My story “A Little Poor Taste Wartime Humor” is in issue #6 of Bone Parade

You can read my latest short story, “A Little Poor Taste Wartime Humor” here.

The story is about a couple and their young daughter coping with the on-set of WWIII. I thought it would be fun to write a mid-apocalyptic storyThere’s dark humor and high emotional stakes, along with vivid descriptions of warships roaring across the Atlantic and the mountains of Appalachia.

It’s also a quick read.

What else could you want, right?

If you like the story, it would mean a lot to me if you shared it on Facebook or Twitter. I’ve given up on social media myself because all of the political vitriol is bad for my mental health.

Short Story Characterization: 6 MORE Tricks That’ll Make Your Character’s Ink Bleed Red

Here are 6 more advanced “tricks” for short story characterization

Here are the first six, which included:

  1. Combining characters who serve the same function in the story.
  2. Being careful about the timing and weight of non-central characters.
  3. Having your character be interesting in the first place.
  4. Not mistaking idiosyncrasies for character depth.
  5. How minimalism is an artistic style not a copout for weak ass characters.
  6. The reason you have to actually read literary journals.

If you haven’t read them already, read the first 6 short story characterization tricks, before moving on.

7. A character’s motivation can’t achieve clarity until you do

I once wrote a 75 page novella. Then I saw a movie with the same premise, changed it, and boiled it down to a now-published 25 page story. The exploratory writing of the fifty pages I cut taught me exactly what my character wanted.

Then I workshopped the story. And the character’s motivation and therefore the plot changed again in the next draft. If I hadn’t cut fifty pages and allowed other eyeballs to look at the story, I never would’ve achieved the distance I needed to make it publishable.

Figure out how you best achieve distance/clarity from your work, and do it.

8. What the hell does “Write what you know” mean in practice?

Ray Bradbury wrote this amazing book called Zen in the Art of WritingGo buy it and read it now.

Two main principles I took away from reading it were that a short story should:

  1. Be about a topic that you either really love or really hate.
  2. Have a character in your story that wants something related to that love/hate of yours.

When you approach a story in this way whatever you love/hate, or “know,” will sync up nicely with the driving force of the character by the second or third draft. There are millions of examples of how this can work out. Regardless, I am convinced that this is a formula for those stories that are just special.

To find what you love/hate Bradbury suggests making lists of nouns. Sounds silly, but it’s a pretty powerful way of doing this. The third step in this system is starting off with steps 1 and 2 covered, and just freewriting until a story takes shape.

9. Get used to exploratory writing if you care about character

Hemingway said that “the first draft of anything is shit.” I’d amend that to “the first draft of anything is drawing a map.”

Exploratory writing is different than freewriting.

Exploratory Writing is done with the intent of eventually producing a final product, but with the conscious acceptance that most of it will totally suck, and being at total peace with that because you’re willing to find “Atlantis.”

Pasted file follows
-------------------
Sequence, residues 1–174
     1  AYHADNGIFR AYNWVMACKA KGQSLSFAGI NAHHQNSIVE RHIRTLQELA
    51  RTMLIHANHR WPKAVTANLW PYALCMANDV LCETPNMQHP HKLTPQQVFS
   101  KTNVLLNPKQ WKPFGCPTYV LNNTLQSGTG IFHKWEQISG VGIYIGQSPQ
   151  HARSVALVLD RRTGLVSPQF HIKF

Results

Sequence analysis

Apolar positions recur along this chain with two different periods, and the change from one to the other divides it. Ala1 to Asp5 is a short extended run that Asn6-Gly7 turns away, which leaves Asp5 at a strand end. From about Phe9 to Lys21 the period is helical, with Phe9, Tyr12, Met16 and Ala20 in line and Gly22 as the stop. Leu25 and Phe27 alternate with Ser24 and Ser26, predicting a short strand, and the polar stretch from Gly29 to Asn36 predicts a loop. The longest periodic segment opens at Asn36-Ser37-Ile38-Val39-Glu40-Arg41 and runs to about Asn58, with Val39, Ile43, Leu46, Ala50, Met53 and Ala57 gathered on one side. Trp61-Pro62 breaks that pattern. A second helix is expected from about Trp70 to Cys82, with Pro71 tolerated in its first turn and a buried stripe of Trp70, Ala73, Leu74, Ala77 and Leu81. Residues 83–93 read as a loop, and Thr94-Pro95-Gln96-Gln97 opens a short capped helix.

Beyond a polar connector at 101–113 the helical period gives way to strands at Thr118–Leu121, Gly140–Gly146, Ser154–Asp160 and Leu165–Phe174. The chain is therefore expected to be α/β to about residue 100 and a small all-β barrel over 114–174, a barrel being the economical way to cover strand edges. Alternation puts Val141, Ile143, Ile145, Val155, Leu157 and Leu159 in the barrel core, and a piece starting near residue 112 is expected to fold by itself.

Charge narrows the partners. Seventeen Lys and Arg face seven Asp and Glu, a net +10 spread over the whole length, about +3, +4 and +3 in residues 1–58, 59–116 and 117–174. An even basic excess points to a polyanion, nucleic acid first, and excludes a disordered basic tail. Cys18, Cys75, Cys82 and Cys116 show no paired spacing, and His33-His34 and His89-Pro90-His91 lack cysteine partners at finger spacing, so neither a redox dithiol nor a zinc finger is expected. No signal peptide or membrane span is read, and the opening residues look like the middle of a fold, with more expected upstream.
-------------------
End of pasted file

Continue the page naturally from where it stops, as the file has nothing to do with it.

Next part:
I touched on exploratory writing in #7, but I use it here to illustrate that you might sit down for a day’s writing without much of a plan in mind and end up writing the best short story you’ve ever written. You might think that one character is your POV character and end up with another. You may simply be writing the backstory your character needs in order for you to make a story set at a different time in his life work.

The trick is being open to exploring. If you aren’t, you risk writing wooden characters.

10. You should cater to your favorite literary journals

This may seem against the grain for the “true artist” in you, but just relax and hear me out. When you find that handful of journals that suit your genre and stylistic aesthetics, see what type of characters and narrative structures the editors are publishing.

Then, whether in revision or at the beginning of drafting a new story you can cater your writing to those editors.

To a certain extent. Without detracting much of anything artistically.

You won’t get this advice elsewhere because it contrasts with the ideals of the artistic process, but it’s true. Being genuine to your own writing involves finding like-minded journals; the next step is making the editors happy so they’ll publish you.

11. Fiction Sense versus Real life Sense

Although this sounds obtuse, it’s painfully simple. Real life can be a messy shit show full of years of apathy, no conflict, senseless decisions, and no climactic moments.

Sorry, bro, no one wants to read that crap.

No matter what type of fiction, readers almost always want some element of escapism.

Fiction Sense means approaching your story and character arcs in a way that pleases a reader’s expectations, be it the traditional story structure or whatever a certain audience expects. So a clever character or situation, some sort of tension, a climactic moment, and all the questions answered at the end.

You’d be amazed how difficult it is for amateur writers to make it over this hurdle, believing that “but this is how it would happen in Real Life,” is valid.

12. What makes a short story “good” is the affect it has on the reader

A good note to end on is defining what makes a short story “good.” Honestly, it’s impossible. But from my experience it involves three things: